The Monday Tilley Watch, The New Yorker Issue Of April 20, 2020

A Note To Readers: Due to the times we’re in the digital edition of the magazine appears later in the day than usual. Thus, instead of the usual look through the magazine, I’m working off of the slide show of cartoons on newyorker.com, as well as the cover Q&A found there. If any mistakes are made on my part I’ll correct them once the digital issue is posted.

Update: 1:00pm.  Digital issue posted about an hour ago.

The Cover: Owen Smith gives us a tired worker (the piece is titled — and again, why do we need cover titles? —  “After The Shift”)…four out of the last five covers have been corona virus themed. Read about the cover here.

The Cartoonists:

The Cartoons:

I don’t know how others respond to an issue’s cartoons. For me, it’s always at least a two-level response:

1. How each drawing hits me — did a drawing stand out (for better or worse).

2. The feeling from all the drawings combined: was it a strong issue of work, or not.

This new issue feels strong, covering a wide range of territory in cartoonland, from aliens (courtesy of Charlie Hankin) to a PC Satyr (from Edward Koren), from dolphins in a swimming pool (McPhail), to what might be found on the other side of the mountaintop (Colin Tom)… and so much more.

 

The Rea Irvin Masthead Watch:

Rea Irvin, the fellow shown here, did so much to shape the look of The New Yorker (okay, I’ll say it — he was instrumental). One of his greatest lasting contributions was adapting Allen Lewis’s typeface; it eventually became known as the Irvin typeface, although these days I hear it   referred to as the New Yorker typeface.  Among Irvin’s many contributions other than art supervisor to Harold Ross (in itself a huge contribution!) was contributing covers, including, of course, the very first one, featuring Eustace Tilley. He also contributed cartoons, and headings for various departments. His design for Talk Of The Town stood in place (with a few adjustments in the magazine’s earliest days) for 92 years, until May of 2017 when his iconic design was mothballed and replaced by a redraw.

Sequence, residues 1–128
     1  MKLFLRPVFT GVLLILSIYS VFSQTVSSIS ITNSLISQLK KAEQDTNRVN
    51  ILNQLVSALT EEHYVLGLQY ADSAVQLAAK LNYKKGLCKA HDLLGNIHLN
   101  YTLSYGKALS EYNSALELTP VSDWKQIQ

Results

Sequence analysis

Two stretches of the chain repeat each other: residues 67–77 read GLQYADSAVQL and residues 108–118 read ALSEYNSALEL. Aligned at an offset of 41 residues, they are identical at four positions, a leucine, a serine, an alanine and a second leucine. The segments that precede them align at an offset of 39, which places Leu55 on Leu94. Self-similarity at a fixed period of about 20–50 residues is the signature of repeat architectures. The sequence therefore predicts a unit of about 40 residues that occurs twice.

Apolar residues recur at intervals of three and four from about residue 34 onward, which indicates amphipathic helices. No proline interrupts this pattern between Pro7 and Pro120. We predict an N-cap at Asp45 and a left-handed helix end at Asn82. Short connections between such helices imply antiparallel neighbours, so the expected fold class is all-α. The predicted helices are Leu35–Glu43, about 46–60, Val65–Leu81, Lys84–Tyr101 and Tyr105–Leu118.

Am I wrong to think of Irvin’s typeface, his Tilley, his Talk masthead, and his “catholic” taste in cartoon selection as representing the graphic soul of the magazine?  So many modern changes (or “tweaks” as they were referred to) were test ballooned in recent years and then withdrawn (layout, typography, headings, etc., etc.) —  why not bring back this not insignificant bit of soul.

 

The Monday Tilley Watch, The New Yorker Issue Of March 2, 2020

The Cover: As mentioned last Friday, Barry Blitt‘s Bloomberg exploding cigar cover (above) was rush-released. Here’s a short piece about the cover’s subject by magazine’s art editor, Francoise Mouly.

The Cartoonists

The Cartoons

A likely too-deep-in-the-weeds observation: I believe (someone please correct me if I’m wrong!) this is the first issue of the magazine in contemporary times composed fully of stable mates whose entry into the stable dates back no further than the early 1990s (Frank Cotham, who began contributing in 1993 is this week’s elder, with 27 years at The New Yorker). On the flip side, you might recall that the last issue of the magazine (the 95th anniversary issue) contained a drawing by Edward Koren, who began contributing to The New Yorker in 1962. A deep (cartoonist) bench remains at The New Yorker.

Here’s the rundown of this week’s cartoonists, in order of their freshman year:

Frank Cotham (1993); William Haefeli (1998); David Sipress (1998); Joe Dator (2006); Julia Suits (2006); Emily Flake (2008); Amy Hwang (2010); Liana Finck (2013); Lars Kenseth (2016); Maggie Larson (2017); Liz Montague (2019).

Two cartoons in the issue that caught my attention both feature non-humans. David Sipress‘s stand-up kitty, and Joe Dator‘s opposum/possum. Also noted: Ed Steed‘s (sort’ve Ben Shahn-esque) full page illustration for Adam Levin’s fiction piece.

The Rea Irvin Talk Masthead Watch: Read about Rea Irvin’s iconic Talk masthead,shown directly below.  Below it is the redrawn version plugged-in Spring of 2017.

 

 

 

 

 

 

 

 

 

Obscure Gluyas Williams From Bloom’s Vault; Today’s Daily Cartoonist & Cartoon; A Cartoon Excerpt From “Everyone’s A Critic” On Lit Hub

Obscure Gluyas Williams From Bloom’s Vault

Tom Bloom, who has graciously provided these images from his collection, tells the Spill that the below were “produced as samples for a paper mill c. 1950 or so…the artwork still looks quite crisp (as usual). Each one opens up like a booklet and then again as a broadside presenting examples of printing, paper, technological selections promoting their “Workbook.”

Here’s Gluyas (pronounced Glue-yaz) Williams entry on the Spill‘s  A-Z:

Gluyas Williams  Born, San Francisco, 1888. Died, Boston, Mass., 1982. One of the pillars of Harold Ross’s stable of artists, and one of Ross’s favorite cartoonists. His beautiful full page drawings were a regular feature in the magazine. Mr. Williams illustrated a number of Robert Benchley’s collections, providing the cover art as well as illustrations. New Yorker work: March 13, 1926 – Aug 25, 1951. Key collections: The Gluyas Williams Book ( Doubleday, Doran & Co., 1929), The Gluyas Williams Gallery (Harper, 1956). Website: http://www.gluyaswilliams.com/